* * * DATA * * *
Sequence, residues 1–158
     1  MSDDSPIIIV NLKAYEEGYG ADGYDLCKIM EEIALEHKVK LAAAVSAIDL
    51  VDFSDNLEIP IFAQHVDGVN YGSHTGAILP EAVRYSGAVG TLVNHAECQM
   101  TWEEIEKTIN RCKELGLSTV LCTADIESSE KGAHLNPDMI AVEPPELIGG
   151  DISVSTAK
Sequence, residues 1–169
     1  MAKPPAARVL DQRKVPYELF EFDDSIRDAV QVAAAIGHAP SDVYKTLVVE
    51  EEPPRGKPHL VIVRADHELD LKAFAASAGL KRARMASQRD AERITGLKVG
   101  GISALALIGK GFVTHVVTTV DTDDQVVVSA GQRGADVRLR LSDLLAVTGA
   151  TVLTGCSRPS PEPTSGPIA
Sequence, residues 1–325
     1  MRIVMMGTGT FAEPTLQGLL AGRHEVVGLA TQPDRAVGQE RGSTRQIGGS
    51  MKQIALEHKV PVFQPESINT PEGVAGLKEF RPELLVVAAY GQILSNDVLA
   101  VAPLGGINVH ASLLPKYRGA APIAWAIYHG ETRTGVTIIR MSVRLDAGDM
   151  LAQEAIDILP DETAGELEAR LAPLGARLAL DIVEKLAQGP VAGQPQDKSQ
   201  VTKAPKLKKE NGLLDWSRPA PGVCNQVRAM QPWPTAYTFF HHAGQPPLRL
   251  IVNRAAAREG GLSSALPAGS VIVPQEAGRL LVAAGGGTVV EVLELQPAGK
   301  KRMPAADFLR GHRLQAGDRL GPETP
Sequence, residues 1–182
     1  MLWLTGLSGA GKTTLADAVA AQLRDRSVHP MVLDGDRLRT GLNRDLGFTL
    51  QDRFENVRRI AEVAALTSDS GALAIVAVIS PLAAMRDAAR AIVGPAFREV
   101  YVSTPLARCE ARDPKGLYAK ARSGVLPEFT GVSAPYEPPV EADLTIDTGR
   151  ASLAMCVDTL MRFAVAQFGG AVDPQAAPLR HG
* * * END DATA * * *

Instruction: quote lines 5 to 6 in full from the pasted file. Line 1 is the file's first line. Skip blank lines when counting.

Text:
   151  DISVSTAK
Sequence, residues 1–169